The Cannabis Buyers' Clubs of Canada, Victoria BC, has been providing cannabis products to people with permanent physical disabilities or diseases since 1996

Ted Smith, Founder of the Cannabis Buyers Club of Canada


By Editorial – Saanich News
Published: September 11, 2012 8:00 AM
Updated: September 11, 2012 8:50 AM

Editorial: Tax on medical pot no joke for users

When a club that sells medical marijuana completely spaces out on paying $150,000 in income taxes, stoner jokes aren’t far behind.

But for the thousands of people who use marijuana to ease chronic pain from illness and side effects of legal medication, the possibility of losing ready access to medical pot doesn’t bring out the giggles.

Leon “Ted” Smith and his Victoria-based Cannabis Buyers’ Club of Canada has sold marijuana products for 16 years to thousands of people who can prove they have certain permanent diseases or chronic ailment.

Smith admits in the media and on his website that he’s avoided paying taxes to the Canada Revenue Agency for years and wrote: “(I) assumed I would end up in jail for it.”

This kind of sloppy bookkeeping does little to improve the public image of selling or using medical marijuana. Hopefully this won’t undo the good work Smith has done helping suffering people and challenging ethically-dubious laws that snares marijuana in a grey area of legality.

Indeed, among the number of court cases involving Smith and the CBCC, this year a trial involving the CBCC’s head baker had restrictive parts of federal medical marijuana law deemed unconstitutional.

Read the rest of this entry »

Cannabis Digest

Cannabis Buyers’ Club to Incorporate
By Ted Smith

It was not a surprise when Special Enforcement Officers from the Canada Revenue Agency showed up at the Cannabis Buyers’ Club of Canada in early May to announce that I was under investigation. After over 16 years of being very public about selling cannabis products to sick people, and recently changing federal laws in Owen Smith’s trial, we have gained a lot of attention.

Anyone who read the court decision of Apr. 13, 2012 quickly saw why the CRA would come knocking. Here are the two paragraphs that they would be interested in: “[34] Mr Ted Smith estimates that the store generates revenue of about $6,000 to $6,500 per day. He estimates that between 5% and 10% of that volume represents edible and other products, not dried marijuana, and says this proportion is closer to the 5% lower end. Mr Ted Smith aims for a profit margin of between 20% and 25% [35] Neither the store nor the Club collects or remits HST, nor does the business pay income taxes.”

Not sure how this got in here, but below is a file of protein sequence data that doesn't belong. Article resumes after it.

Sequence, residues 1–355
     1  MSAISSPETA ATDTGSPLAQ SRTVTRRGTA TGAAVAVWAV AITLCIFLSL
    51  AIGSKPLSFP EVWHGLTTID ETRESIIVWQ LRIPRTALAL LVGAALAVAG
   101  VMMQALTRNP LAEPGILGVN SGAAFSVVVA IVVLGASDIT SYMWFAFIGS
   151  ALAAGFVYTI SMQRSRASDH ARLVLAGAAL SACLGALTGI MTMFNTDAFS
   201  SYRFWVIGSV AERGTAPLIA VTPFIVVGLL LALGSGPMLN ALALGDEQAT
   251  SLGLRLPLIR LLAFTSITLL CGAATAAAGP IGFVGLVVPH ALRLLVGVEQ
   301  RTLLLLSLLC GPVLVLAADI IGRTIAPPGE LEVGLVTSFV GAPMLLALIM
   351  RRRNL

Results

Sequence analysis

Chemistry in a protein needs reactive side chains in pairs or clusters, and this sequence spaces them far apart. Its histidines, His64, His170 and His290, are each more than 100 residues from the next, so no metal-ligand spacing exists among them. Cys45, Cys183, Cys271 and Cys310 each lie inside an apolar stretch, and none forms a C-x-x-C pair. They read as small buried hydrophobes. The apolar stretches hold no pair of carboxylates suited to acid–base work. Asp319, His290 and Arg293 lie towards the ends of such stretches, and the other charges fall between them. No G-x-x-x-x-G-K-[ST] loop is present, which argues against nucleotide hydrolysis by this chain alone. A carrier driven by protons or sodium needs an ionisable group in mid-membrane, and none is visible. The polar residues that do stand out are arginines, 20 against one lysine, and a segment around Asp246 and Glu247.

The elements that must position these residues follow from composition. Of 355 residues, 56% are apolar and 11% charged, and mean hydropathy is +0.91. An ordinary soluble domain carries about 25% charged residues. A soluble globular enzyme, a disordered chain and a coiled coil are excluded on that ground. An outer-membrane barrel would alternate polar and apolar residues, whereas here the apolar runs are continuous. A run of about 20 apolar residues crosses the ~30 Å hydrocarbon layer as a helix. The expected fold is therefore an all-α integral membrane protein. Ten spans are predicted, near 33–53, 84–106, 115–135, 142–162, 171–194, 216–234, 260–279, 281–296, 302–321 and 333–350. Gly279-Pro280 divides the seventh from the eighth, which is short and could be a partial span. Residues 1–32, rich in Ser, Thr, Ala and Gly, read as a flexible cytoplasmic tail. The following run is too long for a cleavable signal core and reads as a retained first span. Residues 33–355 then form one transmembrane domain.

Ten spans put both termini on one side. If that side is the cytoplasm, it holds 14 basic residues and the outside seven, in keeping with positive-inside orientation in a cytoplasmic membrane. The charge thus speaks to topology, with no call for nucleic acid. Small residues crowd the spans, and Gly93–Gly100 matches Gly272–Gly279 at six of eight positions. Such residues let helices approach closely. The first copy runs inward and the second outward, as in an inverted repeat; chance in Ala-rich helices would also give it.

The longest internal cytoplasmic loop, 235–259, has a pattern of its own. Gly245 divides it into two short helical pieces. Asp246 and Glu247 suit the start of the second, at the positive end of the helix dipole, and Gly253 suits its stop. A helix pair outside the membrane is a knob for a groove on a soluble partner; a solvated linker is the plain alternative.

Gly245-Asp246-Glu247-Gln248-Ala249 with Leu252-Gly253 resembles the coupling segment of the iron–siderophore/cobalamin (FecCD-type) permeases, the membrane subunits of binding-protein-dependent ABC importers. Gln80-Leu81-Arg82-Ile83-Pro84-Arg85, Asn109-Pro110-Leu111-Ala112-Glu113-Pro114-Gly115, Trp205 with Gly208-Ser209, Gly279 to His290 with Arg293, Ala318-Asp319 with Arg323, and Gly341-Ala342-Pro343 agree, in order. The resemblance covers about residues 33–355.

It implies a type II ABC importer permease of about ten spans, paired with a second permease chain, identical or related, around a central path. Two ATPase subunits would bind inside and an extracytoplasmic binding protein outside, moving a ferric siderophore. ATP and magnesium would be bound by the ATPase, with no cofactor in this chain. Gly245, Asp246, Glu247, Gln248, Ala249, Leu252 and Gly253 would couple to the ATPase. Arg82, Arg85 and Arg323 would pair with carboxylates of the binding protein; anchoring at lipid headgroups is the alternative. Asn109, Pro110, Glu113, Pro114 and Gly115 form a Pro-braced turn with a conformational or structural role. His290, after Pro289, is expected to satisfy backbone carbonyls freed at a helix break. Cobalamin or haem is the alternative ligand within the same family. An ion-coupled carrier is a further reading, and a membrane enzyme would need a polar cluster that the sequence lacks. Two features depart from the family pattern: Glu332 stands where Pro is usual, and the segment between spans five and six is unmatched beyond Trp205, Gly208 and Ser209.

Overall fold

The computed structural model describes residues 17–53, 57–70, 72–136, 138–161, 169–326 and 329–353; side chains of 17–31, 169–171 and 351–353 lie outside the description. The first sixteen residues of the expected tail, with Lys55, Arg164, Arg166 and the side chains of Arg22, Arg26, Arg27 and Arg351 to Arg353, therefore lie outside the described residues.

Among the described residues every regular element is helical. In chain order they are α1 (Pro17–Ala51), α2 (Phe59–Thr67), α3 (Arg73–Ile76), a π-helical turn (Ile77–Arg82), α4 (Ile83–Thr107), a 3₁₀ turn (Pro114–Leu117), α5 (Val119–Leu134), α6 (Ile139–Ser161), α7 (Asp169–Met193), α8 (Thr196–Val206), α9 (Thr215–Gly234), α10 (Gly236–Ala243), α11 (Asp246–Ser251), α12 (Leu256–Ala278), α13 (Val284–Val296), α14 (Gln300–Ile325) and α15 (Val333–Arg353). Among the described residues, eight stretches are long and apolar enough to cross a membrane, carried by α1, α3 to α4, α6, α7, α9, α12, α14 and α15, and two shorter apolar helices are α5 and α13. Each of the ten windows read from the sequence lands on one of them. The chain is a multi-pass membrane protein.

Apparently it was the police who informed the CRA about this decision. There is an interesting relationship between the police and the CRA. The CRA is not allowed to disclose information to the police but the police constantly give names and information to CRA agents in an attempt to squeeze money from people suspected of breaking the law.

Even if a person admits on their tax forms to being a thug for a living, the CRA would do nothing about their crimes. However, they could look at the thug’s list of clients to see how they make enough money to pay him to put people in the hospital. It does not matter to the CRA if the business is legal or not—they want their taxes. Read the rest of this entry »

Changes to medical pot program could double costs, users say


OTTAWA – Proposed reforms to the federal government’s medical marijuana program would make it illegal for licensed users to grow their own drugs and transfer distribution responsibility to compassion clubs, some pharmacies and other community dispensaries.

But members of the Medicinal Cannabis Patients’ Alliance of Canada (MCPAC) say the changes, which are slated to come into effect in 2014, will see the prices rise to more than double the street value and exponentially more than what it costs them to grow it themselves, effectively barring them from the drugs they say they need in order to live without constant pain.

“There are no medical remedies that mean we can live with some level of comfort, other than marijuana,” MCPAC member Alexander Daviau said during a press conference with others who will be affected by the changes. “By removing our ability to grow our own, they are setting the price more than twice the street value, which will force some people back to the streets. As of 2014 I won’t be able to afford my meds anymore.”

Steve Outhouse, communications director for Health Minister Leona Aglukkuq, said while the exact pricing has yet to be seen, “it is logical there would be some increased cost compared to growing your own. But we still want them to be able to get the drugs they need.”

Health Canada says the proposed reforms are in response to concerns expressed “by Canadians” about abuses of the medical marijuana program and exploitation by criminal elements. It held online and in-person consultations between June and November last year with firefighters, law enforcement, pharmacists and some compassion clubs.

Everyone but the users themselves, Daviau said.

“Health Canada met the stakeholders, they said, they met with law enforcement,” Daviau said. “But they ignored the patients.”